Sitting. Trying not to stare at the clock.
Observe my surroundings:
The *customer lounge.* Ten chairs crammed together in a dingy waiting room. Two little tables piled with unreadable magazines like Motor Trend. An ancient gumball dispenser. Scuffed black-and-white floor tiles. The only thing shiny and new: a flat screen bleating the *news.*
Been here two hours-and-fifteen minutes, already. Waiting for some repair on my '97 Civic. Carbon build-up. Fuel Induction something or other. I don't know what. The yellow check engine light came on, and here I sit with a handful of other sudden-pedestrians.
Look at these people. God. Thank God I can't see myself.
Look at squirrels. You never see an ugly squirrel. Look at deer. You never see an ugly deer. Look at bears or tigers. Not one of them ugly. Crows. All handsome. Never seen an ugly crow. But look at people. Look at us. So many ugly bastards. I'm sure the squirrels in Eden looked just like the squirrels we got now. But Adam and Eve? No way they looked like us riff-raff sitting around here.
Sin. Generation after generation of human sin, eating away beauty. Adam and Eve would shudder to see their descendants.
Sin causes death. Everything dies, including beauty. Sin alters brain chemistry, sin engineers genetic mutations, etc., etc. Thousands and thousands of years of human sin, the human body marred. I mean, look at that lizard sitting over there. Forty and her face rough as sandpaper. When Eve was three hundred she probably looked twenty years younger than this bag, with her straw hair. Look at her, her mouth hanging open while she stares at the television, her gray teeth pointing every which way. Listen, if this crocodile were the one who offered Adam fruit from the tree of the knowledge of good and evil, we'd all be fine today. . .
Failure. The collective failure of mankind. There's a noble thought to ponder. I don't think people think enough about their failure. I mean, they really don't seem that embarrassed by the garbage dump of a world they've created.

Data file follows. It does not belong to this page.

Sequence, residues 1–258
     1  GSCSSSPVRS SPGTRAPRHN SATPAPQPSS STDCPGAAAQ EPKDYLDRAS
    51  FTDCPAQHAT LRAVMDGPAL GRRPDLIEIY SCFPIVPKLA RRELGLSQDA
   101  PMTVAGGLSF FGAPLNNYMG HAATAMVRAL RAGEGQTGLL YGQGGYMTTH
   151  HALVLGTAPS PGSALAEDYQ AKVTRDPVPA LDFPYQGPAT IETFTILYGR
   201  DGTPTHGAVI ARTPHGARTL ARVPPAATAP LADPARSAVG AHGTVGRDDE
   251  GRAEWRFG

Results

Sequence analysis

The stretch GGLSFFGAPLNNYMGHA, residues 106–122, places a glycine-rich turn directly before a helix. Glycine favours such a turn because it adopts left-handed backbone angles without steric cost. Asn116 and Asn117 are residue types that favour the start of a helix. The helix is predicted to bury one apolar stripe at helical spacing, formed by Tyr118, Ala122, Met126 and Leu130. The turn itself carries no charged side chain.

How did I end up here? Adam and Eve could probably fly, and here I sit, waiting for a car repair. Sitting in a waiting room. That's life. That's this life. Life is a waiting room. A waiting room for death.
Stuck here, removed from the distraction of the routine of life, I feel exhausted. Almost fifty-five years of fake living. These others go about their lives. Two of them thumbing madly on their smartphones, another fiddling on a laptop, the lizard staring in rapture at the television, the television titillating her with crash porn, an airplane wrecked in a far eastern sea.
But me? I just sit here, stopped. Nothing to do but compare my life to a car. A broken-down car. A junker that sputtered along, then ended up in a ditch by the side of the road. That's my life. All that's left is to test faith.
It's the lizard.
We all look at her. She points at the television.
"Does anyone know if they found any living bodies?"
What? Living bodies?
"I don't think so," the laptop guy says.
"All dead? All the bodies dead, all dead. . ." the lizard shakes her head, rather mournfully.
"It's so horrible. Can you imagine anything more horrible?" one of the smartphoners says.
They are all shaking their heads, in that slow, mournful fashion.
"Examine the wrecks of our own lives," I say.
They all look at me. Not with friendly looks. I am regarded with offense and incomprehension.
"Well," I say to the smartphoner, "you asked if I could imagine anything more horrible."
They still don't seem to understand.
"I mean, let's be honest. We're all adults here. All the ugly shit we've done. The ugly things, little ugly things, big ugly things. All the ugliness done hours, days, weeks, years and years ago. So many ugly things. . ." Here I pause and offer my own mournful head shake. "No, no, what is a plane falling out of the sky compared to our own ugly lives? A trifle. A mere trifle."
From the looks of them, they still don't get it.
"Speak for yourself!" the lizard barks. "Actually, don't speak at all! God! What a sicko!"
The others nod their assent.
That's fine. Let them have their little club. I don't have some electronic toy to play with. I have to sit here and think about life.
They babble on for a minute about the airplane crash, then one asks if they believe the mechanics here are honest, and they go on discussing that. They are a community, now. I've brought them together. Good.
Me? I'm in a ditch by the side of the road. Nothing to do but wait. That's the test of faith. To resist trying to save myself, and to wait for Jesus to pull me out at the End of Time. . .
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